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It's that crazy time of the year again -- earnings season -- whencompanies must prove their worth or face Wall Street's wrath. At the sametime, investors are understandably concerned about the market and apprehensive about chasing stocks. And, with everything else happening in theworld, it's no wonder the market has been seesawing so much.

I like to follow the indices just to get a feel for how theoverall sector is performing. Since the start of the new year, the


and Amex biotech indices have been trading down. That's obviously not a great start, but it does appear to be a correction or apullback of some sort, and investors are trying to anticipate what mightcome next.

For the biotech sector, the earnings season began on a good note when



announced its fourth-quarter earnings. Genentech's earnings rose, asexpected, on increased sales of its two cancer drugs, Rituxan and Herceptin,which treat lymphoma and breast cancer, respectively.

The rest of the big-cap biotechnology companies such as


(AMGN) - Get Amgen Inc. Report






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are likely to report solid revenue growthin the fourth quarter, also, on the strength of their drug sales.Significantly, the number of biotech companies that are approaching


profitability, such as






, are increasing.

Right now, investors are anxiously waiting for the release of earnings.If positive earnings are reported, the tension should ease and the results shouldconfirm that big-cap biotechs are still fundamentally attractive.Companies such as Amgen, Genzyme, Genentech and



are selling products that are at a growth stage, despite ashaky economy. With earnings in hand, Wall Street will be able to determinevaluation with

price-to-earnings ratios, the P/E-to-growth (

PEG), rate and/or other standard measures, and, we hope, reverse the downtrend.

Then there are the smaller biotechs, the ones who are emerging with newtechnology that needs to be proven and aren't generating any profits yet.For the average investor, placing a valuation on these companies is stickyat best. Instead, traditional valuation tools are replaced with hype andhope. Here investors aren't as concerned with earnings, but are insteadtrying to get on board early with what could be the next discovery ortechnology to fuel Wall Street's interest.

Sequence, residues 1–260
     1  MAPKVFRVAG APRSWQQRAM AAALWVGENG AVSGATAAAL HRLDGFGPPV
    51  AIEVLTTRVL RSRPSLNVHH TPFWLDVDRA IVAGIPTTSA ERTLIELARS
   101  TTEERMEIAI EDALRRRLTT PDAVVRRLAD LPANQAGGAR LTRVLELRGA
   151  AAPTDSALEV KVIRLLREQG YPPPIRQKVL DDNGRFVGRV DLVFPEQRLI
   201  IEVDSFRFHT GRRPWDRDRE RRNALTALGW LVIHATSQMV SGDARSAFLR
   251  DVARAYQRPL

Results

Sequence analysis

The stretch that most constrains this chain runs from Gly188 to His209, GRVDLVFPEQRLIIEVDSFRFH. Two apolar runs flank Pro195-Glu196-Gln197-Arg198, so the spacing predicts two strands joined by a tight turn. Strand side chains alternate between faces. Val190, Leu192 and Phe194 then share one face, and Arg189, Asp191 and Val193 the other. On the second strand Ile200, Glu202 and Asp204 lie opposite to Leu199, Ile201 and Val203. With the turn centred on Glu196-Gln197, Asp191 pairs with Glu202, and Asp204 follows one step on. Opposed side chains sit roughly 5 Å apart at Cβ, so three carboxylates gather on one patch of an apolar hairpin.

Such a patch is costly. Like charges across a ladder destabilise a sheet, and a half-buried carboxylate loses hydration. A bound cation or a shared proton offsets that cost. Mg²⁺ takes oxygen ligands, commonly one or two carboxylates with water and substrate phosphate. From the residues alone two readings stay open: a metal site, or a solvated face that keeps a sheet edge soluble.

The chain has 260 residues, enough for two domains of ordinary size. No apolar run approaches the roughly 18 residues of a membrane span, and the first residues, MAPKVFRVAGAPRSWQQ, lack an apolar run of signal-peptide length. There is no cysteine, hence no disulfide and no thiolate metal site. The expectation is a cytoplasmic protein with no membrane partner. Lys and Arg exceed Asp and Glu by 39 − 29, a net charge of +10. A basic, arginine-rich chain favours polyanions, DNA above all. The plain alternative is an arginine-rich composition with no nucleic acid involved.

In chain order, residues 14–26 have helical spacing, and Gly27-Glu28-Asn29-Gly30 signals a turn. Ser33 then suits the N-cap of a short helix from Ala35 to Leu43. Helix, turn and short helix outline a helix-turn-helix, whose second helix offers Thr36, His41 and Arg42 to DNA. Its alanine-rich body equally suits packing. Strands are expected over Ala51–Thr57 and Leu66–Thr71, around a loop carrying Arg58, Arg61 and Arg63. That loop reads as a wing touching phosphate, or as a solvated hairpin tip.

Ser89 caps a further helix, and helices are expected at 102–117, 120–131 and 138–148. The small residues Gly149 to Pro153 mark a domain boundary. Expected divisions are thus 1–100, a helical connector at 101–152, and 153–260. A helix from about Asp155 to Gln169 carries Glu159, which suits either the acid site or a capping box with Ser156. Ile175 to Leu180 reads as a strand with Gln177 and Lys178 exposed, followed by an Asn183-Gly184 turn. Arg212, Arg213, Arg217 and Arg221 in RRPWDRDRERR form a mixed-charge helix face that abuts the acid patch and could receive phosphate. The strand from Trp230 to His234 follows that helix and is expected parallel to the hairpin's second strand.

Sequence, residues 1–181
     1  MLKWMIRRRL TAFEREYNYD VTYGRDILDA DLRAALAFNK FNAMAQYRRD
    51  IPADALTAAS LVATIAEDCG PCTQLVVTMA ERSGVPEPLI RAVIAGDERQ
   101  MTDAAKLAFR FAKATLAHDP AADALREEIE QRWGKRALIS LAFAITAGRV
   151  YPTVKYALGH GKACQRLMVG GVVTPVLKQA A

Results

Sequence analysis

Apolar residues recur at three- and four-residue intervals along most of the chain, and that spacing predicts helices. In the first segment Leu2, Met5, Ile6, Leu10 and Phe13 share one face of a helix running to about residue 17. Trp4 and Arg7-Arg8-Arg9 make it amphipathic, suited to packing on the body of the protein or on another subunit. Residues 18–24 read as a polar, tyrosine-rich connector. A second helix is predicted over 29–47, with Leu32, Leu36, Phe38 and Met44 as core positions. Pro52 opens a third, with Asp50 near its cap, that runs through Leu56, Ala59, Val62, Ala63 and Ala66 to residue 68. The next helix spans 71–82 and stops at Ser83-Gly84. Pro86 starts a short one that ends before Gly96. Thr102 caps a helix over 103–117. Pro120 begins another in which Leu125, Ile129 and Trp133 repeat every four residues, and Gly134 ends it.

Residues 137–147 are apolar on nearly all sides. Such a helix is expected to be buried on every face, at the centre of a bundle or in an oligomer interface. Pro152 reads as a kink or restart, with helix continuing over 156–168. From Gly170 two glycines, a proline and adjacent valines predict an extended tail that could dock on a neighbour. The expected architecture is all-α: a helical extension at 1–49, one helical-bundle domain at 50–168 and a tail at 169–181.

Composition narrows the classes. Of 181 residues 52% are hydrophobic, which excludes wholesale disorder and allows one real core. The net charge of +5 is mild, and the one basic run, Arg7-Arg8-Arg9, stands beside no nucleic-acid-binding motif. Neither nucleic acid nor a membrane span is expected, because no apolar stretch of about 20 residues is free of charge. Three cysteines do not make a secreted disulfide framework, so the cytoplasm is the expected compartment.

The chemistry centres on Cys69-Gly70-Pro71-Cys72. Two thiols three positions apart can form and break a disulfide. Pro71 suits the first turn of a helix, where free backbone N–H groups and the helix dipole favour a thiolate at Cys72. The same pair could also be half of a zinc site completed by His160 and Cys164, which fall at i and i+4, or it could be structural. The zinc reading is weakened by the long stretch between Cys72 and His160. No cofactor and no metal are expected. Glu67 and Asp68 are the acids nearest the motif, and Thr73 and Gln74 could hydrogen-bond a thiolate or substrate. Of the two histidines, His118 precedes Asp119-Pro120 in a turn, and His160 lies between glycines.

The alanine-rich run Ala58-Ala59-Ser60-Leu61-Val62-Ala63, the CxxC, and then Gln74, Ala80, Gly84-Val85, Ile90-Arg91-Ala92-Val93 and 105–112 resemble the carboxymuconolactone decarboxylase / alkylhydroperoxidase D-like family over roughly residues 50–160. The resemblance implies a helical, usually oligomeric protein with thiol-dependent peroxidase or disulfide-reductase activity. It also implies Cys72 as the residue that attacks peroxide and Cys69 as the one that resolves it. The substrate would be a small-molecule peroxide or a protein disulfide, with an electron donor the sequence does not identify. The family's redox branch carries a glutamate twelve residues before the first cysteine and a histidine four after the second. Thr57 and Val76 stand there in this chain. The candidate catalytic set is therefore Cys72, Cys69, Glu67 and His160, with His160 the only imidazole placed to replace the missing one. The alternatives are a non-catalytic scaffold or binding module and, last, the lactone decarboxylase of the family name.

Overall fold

Many of you have emailed me and asked what's in store for 2002. Well, Iwill tell you this, biotechnology has been a big part of my life in moreyears than I wish to admit, and I have watched it slowly become what it isnow.

In the past, Wall Street caught wind of stories such as mapping thehuman genome, gene therapy and stem-cell technology, and got investorsexcited about who or what would be the next latest and greatest. WallStreet tends to be concerned with only the now and has a short outlook. Butscience and technology must have a long-term outlook because they are aboutthe future and what promises lie ahead.

I don't know what's going to be "hot" this year. There's alot of interest now in "rational drug design," which is havingthe technology to discover new drugs more efficiently in terms of cuttingcosts and time. It's not sexy and it's not a cure for cancer, but it's animportant function for drug discovery.

One biotech company that comes tomind in terms of rational drug design is


(VRTX) - Get Vertex Pharmaceuticals Incorporated Report

. It's trading in the lower half of its 52-week range and hasa good reputation in the scientific community. So if you are willingand have the patience, it's a good bet this company could pan out.

But if you are going to be a serious biotech investor, start first witha solid performer like the companies I mentioned earlier as your base. Thenprogress to more aggressive stock picks to build a portfolio. I suspect themarket is now suffering from bouts of mental instability, and moments likethese can work for you to establish a baseline. There are investors waitingto chase this market, but it's best to keep a steady head and not panic because there are opportunities in this marketplace.

Nadine Wong is the editor, publisher and co-founder of the

BioTech Sage Report

and contributes a weekly biotech column to this site. At the time of publication, Wong had a position in Amgen, although holdings can change at any time. Under no circumstances does the information in this column represent a recommendation to buy or sell stocks. While she cannot provide investment advice or recommendations, Wong invites you to send comments on her column to

Nadine Wong.

and Wong are parties to a joint marketing agreement relating to the

BioTech Sage Report

, a monthly biotech newsletter written and owned by Wong. Under the agreement,

provides marketing services, including promotion of the

BioTech Sage Report


Web properties and in her columns that appear on these properties. In exchange for these services, Wong shares with

a portion of the revenue generated by subscriptions to the

BioTech Sage Report

resulting from those marketing efforts.